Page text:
Like any Liverpool fan, I was elated by the appointment of Jürgen Klopp as manager in early October. Having been a longtime fan of the Bundesliga, and of Klopp’s Borussia Dortmund team, I was giddy with anticipation. And while the style of football has already begun to live up to high expectations, the real treat has been listening to the man discuss his philosophy as a manager.

I’ve seen exquisitely talented players, exciting teams, and thrilling games as an LFC fan. The current signs of renewal at pitch level, while certainly welcome, isn’t completely novel. What has been a delightful surprise is the way he’s dealt with the typical breathless and brainless manner of the English media — their ubiquitous tropes, their fatuous clichés, their shallow obsession with titillating gossip, their self-serving narratives with unwarranted sweeping conclusions, and, of course, their relentless, frenetic hype.

In this extended interview with Sky Sports, we have almost a “greatest hits” compilation of the themes he’s been expressing since his arrival. In vain, he once again tries to make clear that superstar players do not appear, fully developed, from a vacuum — they are made through training, management, and above all else, time and patience. Football, like life itself, he keeps reiterating, is mostly about hard work with a little bit of luck, but journalists, like impatient children, want something more glorious and glamorous. The press desperately wants to hear stories of superstar players being bought for ridiculous prices, but he keeps reminding them that today’s superstars were yesterday’s squad players struggling for playing time (while being dismissed by an attention-deficient media as expensive flops or has-beens). In response to a generic question about what would constitute a success for Liverpool this season, Klopp reminds him that even successes, such as Liverpool winning the Carling Cup in 2012, are treated with bored indifference (whereas an early exit from the tournament would have been gleefully pounced upon). Arsenal have won the FA Cup for two years straight, but, as he points out, the dominant media narrative is to scorn them as perennial failures for not having won the league in over ten years. Nothing is ever good enough by these standards, and the only thing that seems to matter to journalists and fans alike is affecting a smug, knowing, jaded posture — “Oh, isn’t it all just so obvious.”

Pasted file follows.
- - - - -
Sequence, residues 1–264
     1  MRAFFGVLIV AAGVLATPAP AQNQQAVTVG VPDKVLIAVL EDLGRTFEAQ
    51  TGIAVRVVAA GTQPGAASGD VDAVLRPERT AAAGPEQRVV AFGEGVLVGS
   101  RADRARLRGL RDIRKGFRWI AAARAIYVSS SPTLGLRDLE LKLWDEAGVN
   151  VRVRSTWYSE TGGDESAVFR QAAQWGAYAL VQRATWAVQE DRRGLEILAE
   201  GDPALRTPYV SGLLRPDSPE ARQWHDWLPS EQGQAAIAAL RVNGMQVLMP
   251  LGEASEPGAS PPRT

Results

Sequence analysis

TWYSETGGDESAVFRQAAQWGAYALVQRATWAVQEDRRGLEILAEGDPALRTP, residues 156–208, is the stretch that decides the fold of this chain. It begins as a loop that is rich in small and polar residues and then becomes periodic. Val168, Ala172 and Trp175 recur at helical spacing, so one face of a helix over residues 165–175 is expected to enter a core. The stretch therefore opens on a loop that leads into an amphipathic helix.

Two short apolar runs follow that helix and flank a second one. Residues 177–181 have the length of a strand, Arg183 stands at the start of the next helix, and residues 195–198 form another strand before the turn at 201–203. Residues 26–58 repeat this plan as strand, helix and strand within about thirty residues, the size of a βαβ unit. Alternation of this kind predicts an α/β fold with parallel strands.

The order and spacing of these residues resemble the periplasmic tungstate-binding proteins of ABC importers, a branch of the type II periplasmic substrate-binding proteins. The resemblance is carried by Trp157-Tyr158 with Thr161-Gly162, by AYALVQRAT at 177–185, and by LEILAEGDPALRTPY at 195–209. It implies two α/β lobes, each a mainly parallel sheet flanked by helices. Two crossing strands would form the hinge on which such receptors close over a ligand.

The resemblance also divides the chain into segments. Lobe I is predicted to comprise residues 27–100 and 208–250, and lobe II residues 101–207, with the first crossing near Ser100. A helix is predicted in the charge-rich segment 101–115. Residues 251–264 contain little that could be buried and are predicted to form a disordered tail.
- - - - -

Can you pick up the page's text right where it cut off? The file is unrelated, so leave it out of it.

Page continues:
“Why should the world be like this?” Klopp asks this about the callous disregard the media have for players who have — in their eyes — outlived their novelty or usefulness. When you demand that I should buy these four players who will supposedly help me win the league for sure, he says, you’re overlooking that four other players will lose their jobs as a result. What happens to them? Do we care? Do we blithely assume that they will do fine somewhere else, in some faraway league we’re not interested in, where all the losers and second-rate players go? Do we secretly resent all of them anyway for being young, beautiful, rich athletes and take a small measure of delighted revenge upon them by gloating over their fall from grace? What a petty, sad way of going about “enjoying” your favorite game. Why should the world be like this? Klopp is far too savvy to ask this out of innocence; it comes from his self-assurance. What matters most, he dares to say, is treating people like human beings and having fun without concern for what others will say about it. The fact that this is absolutely heretical to a class of noxious, superficial people who care about nothing but money, status and gossip makes it all the sweeter.

I had always daydreamed about a manager who could win big games and titles for LFC, of course. But a manager who could puncture the fraudulent bubble economy of media self-worth by speaking plain common-sense truth? I never imagined such a thing was possible, so much so that I didn’t even know I wanted it until I saw it happening.